Crataegus punctata Jacq.
Family: Rosaceae
Dotted Hawthorn,  more...
Crataegus punctata image
Arborescent shrub or usually a small tree to 10 m; twigs glabrous, usually with thorns 4-6 cm; lvs thick and firm, with impressed veins above, dull, glabrous or short- hairy on one or both surfaces, the floral ones mostly obovate, 2.5-6 נ1.5-4.5 cm, lobeless or only obscurely and shallowly lobed, the vegetative ones mostly larger, sometimes more rhombic or suborbicular, and often ±lobed; fls 1-2 cm wide, in villous or glabrous compound cymes; sep lanceolate or lance-linear, entire or glandular-serrate; fr 0.8-1.5 cm thick, dull or sometimes bright red to yellow; nutlets 3-5; 2n=34. Nf., Que., and N. Engl. to S.C. and Ga., w. to Minn., Io., and Okla. (C. collina; C. peoriensis; C. recedens; C. suborbiculata; C. verruculosa)

Gleason, Henry A. & Cronquist, Arthur J. 1991. Manual of vascular plants of northeastern United States and adjacent Canada. lxxv + 910 pp.

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From Flora of Indiana (1940) by Charles C. Deam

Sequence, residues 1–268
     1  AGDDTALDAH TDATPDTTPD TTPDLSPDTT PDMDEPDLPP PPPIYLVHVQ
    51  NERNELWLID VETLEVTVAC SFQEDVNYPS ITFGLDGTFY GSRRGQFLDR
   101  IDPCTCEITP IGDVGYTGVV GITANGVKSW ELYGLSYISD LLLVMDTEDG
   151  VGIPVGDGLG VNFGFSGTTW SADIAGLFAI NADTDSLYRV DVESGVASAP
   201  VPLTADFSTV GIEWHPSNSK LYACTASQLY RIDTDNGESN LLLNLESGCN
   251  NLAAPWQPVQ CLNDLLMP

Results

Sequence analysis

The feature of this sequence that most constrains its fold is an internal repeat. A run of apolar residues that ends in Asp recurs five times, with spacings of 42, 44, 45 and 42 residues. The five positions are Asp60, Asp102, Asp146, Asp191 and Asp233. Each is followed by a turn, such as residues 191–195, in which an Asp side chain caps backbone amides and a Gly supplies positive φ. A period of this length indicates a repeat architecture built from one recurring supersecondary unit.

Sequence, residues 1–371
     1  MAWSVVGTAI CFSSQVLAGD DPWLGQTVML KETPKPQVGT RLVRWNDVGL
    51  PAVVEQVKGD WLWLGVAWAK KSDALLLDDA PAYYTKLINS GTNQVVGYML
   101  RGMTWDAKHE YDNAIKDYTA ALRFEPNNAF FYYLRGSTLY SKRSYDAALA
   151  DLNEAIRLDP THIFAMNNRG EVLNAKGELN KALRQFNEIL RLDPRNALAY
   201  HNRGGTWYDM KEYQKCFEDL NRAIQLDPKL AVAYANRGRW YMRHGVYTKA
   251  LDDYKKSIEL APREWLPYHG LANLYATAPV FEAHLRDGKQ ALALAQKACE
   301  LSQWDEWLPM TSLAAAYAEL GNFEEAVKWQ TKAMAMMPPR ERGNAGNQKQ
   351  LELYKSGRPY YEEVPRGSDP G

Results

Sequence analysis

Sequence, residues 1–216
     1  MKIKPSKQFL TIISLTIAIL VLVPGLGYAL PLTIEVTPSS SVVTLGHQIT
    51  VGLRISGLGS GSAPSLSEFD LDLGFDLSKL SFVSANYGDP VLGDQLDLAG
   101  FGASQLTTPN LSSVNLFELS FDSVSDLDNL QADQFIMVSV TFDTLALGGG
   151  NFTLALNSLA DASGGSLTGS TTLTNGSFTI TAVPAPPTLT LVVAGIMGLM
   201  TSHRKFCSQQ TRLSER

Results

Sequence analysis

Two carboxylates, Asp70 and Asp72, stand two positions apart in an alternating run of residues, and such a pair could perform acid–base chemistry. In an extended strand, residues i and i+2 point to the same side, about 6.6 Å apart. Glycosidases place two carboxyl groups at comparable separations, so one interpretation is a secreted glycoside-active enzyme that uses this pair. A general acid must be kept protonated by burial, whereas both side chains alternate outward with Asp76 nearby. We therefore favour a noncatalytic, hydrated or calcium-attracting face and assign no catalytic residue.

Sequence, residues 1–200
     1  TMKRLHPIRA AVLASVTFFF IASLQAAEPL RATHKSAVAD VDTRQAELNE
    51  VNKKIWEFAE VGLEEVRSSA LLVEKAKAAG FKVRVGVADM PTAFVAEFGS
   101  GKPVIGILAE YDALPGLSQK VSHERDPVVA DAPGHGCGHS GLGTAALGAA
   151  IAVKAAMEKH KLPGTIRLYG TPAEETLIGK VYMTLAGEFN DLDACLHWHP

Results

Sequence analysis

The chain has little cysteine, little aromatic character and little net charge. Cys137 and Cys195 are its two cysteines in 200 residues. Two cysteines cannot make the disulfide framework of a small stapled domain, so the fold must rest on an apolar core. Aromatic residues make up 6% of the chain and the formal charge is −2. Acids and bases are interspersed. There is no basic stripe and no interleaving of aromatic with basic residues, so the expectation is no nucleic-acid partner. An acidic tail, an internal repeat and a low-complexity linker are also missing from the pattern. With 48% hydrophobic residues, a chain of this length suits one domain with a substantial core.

Leaves spatulate or lance-obovate, 2.5-7 cm long, 1.5-3.5 cm wide, rounded, acute, or acuminate at the apex, attenuate at the base into winged petioles (1.5-2 cm long), sharply serrate or dentate on the upper two thirds of the blades, often incised and with shallow lobes above the middle, or on vigorous shoots deeply laciniate, firm in texture, with veins deeply impressed on the upper side, dull grayish green, scabrate above when young and pubescent along the veins beneath; flowers 16-20 mm in diameter, usually in many-flowered, compound, villous corymbs; stamens about 20; anthers red or rarely pale yellow; calyx lobes narrowly deltoid, usually entire; fruit subglobose or short-oblong and flattened at the ends, 14-20 mm in diameter, dull red with pale dots, becoming mellow; nutlets 3-4. A tree up to 10 m high, with gray, furrowed or slightly scaly bark, and often with compound thorns on the trunk or principal branches. The branches are at first ascending but, in old trees, becoming horizontal or depressed; the branchlets villous the first season, olive brown and glabrous the second season, and finally gray, unarmed or armed with long, slender thorns. Throughout Indiana, in thickets, pastures, and borders of woods. [Variety aurea,] differing only in the bright yellow fruit, has been found in Jennings and Wells Counties, and should be sought in other sections. [Variety canescens] differs in the close, copious, gray pubescence of the leaves and young branchlets. It is occasionally found throughout the range of the species, and is known from Allen, Grant, Hamilton, Howard, Marshall, Vermillion, and Wayne Counties.